We all use social media on a personal level but how does it differ when you're posting on behalf of a business?
We share a few tips to help you get started with social activity for your companies and organisations.
1. It is marketing
Posting on a business' social account is very different to sharing updates on personal channels, but don't let that put you off if you're considering starting some social activity.
Social media for business is marketing and you need to have clear messages and objectives in mind, for everything you do.
Whatever your business type, you should put time into planning your posts and avoid sharing impulsive, uncensored updates.
As with any other marketing activity, you need to carefully curate your content for your intended audience.
Need a helping hand? A great 3-step check to use is:
- Who is it for?
- Why do you want them to see it?
- What are you offering in return for their engagement?
If you're a retailer and your target audience is 16-24 year old females, then you'll want to post content that's relevant to them. Think bouncy tones, social sharing competitions, freebies and fun!
Alternatively, if you're a business service targeting older professionals, you'll want to adopt a different approach. Tips, advice, demo videos of products and services will all help to boost your brand reputation and credibility.
Of course, you'll need to think about your objectives too. Why do you want your audience to see your posts? If you want to drive traffic to your website, include a link. Running an event at your store? Include a call to action!
Lastly, your audience won't engage for nothing; they want something in return for their time. Whether this is useful content, breaking news, discounts or free stuff, you'll need to reward your followers for engaging with your content.
2. It takes time
This is the the most common realisation businesses face when starting social media activity.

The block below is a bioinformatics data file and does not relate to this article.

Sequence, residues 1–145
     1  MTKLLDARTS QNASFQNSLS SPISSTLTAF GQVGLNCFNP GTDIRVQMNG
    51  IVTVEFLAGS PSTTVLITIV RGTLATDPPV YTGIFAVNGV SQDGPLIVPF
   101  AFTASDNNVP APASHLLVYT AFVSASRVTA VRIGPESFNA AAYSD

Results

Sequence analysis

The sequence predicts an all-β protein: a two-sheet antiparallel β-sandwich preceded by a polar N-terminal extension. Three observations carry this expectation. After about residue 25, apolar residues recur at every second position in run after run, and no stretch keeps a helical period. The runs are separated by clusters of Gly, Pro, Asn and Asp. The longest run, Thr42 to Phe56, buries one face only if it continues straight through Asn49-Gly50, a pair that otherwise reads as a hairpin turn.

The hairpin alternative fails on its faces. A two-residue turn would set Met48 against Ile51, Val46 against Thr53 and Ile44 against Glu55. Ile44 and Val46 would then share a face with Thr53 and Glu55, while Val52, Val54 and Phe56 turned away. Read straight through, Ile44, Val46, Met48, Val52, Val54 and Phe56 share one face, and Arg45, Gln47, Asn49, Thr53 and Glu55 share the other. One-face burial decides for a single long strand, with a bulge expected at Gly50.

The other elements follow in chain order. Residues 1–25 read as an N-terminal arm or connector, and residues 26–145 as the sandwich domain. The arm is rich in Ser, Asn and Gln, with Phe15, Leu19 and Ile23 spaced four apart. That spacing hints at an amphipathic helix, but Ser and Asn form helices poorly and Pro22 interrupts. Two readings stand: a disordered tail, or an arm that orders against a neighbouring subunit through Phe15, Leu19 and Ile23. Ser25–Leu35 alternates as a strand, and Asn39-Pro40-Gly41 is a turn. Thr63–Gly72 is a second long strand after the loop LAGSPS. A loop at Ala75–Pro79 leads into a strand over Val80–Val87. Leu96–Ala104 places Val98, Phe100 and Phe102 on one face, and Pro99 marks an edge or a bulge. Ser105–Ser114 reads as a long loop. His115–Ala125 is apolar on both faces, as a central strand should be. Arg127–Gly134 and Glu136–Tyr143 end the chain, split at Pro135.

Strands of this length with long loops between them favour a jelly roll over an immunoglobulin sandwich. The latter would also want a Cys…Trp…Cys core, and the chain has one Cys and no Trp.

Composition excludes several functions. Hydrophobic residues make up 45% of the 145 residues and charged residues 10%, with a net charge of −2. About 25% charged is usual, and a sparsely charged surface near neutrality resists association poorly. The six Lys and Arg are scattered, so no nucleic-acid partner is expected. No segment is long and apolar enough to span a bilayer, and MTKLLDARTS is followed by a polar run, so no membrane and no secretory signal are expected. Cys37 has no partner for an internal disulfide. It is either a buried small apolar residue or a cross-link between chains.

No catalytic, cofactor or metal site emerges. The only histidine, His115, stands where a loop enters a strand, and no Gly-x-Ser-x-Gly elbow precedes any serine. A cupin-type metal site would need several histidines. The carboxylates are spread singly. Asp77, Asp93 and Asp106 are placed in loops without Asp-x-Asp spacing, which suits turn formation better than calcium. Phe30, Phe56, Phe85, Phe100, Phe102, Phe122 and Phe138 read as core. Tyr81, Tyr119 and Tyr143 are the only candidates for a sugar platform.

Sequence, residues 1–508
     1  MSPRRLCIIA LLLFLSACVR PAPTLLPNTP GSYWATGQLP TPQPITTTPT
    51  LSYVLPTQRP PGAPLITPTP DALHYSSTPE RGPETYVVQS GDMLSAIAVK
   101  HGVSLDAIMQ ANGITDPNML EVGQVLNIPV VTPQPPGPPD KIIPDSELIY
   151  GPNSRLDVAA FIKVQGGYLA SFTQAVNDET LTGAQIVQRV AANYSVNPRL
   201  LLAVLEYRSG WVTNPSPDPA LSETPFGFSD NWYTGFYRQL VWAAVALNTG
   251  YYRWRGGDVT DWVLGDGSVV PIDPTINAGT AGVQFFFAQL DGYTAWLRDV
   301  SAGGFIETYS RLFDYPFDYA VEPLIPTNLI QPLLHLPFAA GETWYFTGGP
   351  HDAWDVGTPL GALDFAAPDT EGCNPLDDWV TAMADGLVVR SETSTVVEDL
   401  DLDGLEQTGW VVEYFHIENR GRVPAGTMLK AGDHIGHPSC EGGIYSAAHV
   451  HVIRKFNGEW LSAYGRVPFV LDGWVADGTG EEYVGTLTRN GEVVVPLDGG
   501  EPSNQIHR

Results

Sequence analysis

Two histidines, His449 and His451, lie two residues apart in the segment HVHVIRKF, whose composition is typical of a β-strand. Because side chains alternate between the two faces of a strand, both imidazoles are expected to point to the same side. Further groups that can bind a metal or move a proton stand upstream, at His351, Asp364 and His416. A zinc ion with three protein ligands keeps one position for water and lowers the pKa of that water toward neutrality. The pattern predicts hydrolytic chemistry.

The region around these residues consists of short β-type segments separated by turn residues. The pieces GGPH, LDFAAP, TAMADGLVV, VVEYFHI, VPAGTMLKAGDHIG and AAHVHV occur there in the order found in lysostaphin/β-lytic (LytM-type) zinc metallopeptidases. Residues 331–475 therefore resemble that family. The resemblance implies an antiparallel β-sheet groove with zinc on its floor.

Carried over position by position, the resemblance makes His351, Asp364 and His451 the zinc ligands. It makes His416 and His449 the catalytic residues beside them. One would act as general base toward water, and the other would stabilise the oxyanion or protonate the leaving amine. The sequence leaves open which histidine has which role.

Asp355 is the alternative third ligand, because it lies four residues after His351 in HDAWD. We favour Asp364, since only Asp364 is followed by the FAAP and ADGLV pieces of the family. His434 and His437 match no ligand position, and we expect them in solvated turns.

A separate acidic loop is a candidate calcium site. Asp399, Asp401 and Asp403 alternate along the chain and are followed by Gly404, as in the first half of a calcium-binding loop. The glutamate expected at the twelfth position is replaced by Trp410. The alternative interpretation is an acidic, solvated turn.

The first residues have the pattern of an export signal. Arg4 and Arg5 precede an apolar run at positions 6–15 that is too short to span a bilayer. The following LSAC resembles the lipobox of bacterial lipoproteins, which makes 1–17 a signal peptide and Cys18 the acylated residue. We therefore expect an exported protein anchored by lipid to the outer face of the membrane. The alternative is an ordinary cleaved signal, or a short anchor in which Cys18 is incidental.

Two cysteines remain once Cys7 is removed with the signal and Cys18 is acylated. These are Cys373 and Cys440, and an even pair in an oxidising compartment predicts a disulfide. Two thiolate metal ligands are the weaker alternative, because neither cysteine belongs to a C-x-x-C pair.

It only takes 2 minutes to share your thoughts on the latest GOT episode right?
Strategic social media takes a little longer, for all the reasons we've highlighted above and more.
Quantity is just as important as quality, so you should be looking to post regularly if you want to see your audience grow and engagement increase.
Typically, successful small business social accounts need between 10-15 hours attention per week.
Mid to large businesses can be looking at anywhere between 80-100 hours a week, with dedicated social media marketers focusing solely on fostering online audiences.
Of course, well curated social content involves more than just writing a sentence or two in a status update.
Things to consider:
- Planning social marketing campaigns can take a while. Put the time in at the beginning though, and you'll reap the benefits later on
- Scheduling your content can help relieve the pressure of keeping on top of your activity, especially for smaller teams
- It's not a one way street! Your audience will have things to say about your content, and you'll need to respond and engage in return
- Launching a new product or service? News to share about your business? Bear in mind that these things don't always run to deadline, so have some back-up posts prepared rather than leave things to chance
Researching, interviewing staff and clients for content, designing accompanying visuals, creating video, getting approval...the list goes on! All of this behind-the-scenes action contributes towards successful, valuable social content and to do it well, you need to allow enough time.
3. Engagement vs Follows
It's the age old debate - what's more important?
On the surface, it may seem like huge follower numbers are far more valuable than engagement.
But what's the use in 10,000 followers if they don't pay any attention to your content?
Any social media marketer will tell you that 100 followers who engage 80% of the time are far more powerful than 1,000 followers who never interact.
If you owned a store, would you rather 100 people came in to browse every day or to have 10 loyal customers who buy your products regularly?
Social media marketing is a relatively new field and success is still notoriously hard to measure, especially for businesses who are driven by numbers.
All the major social platforms provide a basic level of reporting and trust us when we say, you should be paying attention to your engagement statistics.
If your audience are interacting with your content, then you're on to a positive thing. As they start to share and comment on your posts, their friends and followers will also start to interact and you'll naturally see your followers increase over time.
If engagement levels are low, think about ways to switch up your content. Try a different medium, introduce more variety and don't be afraid to experiment.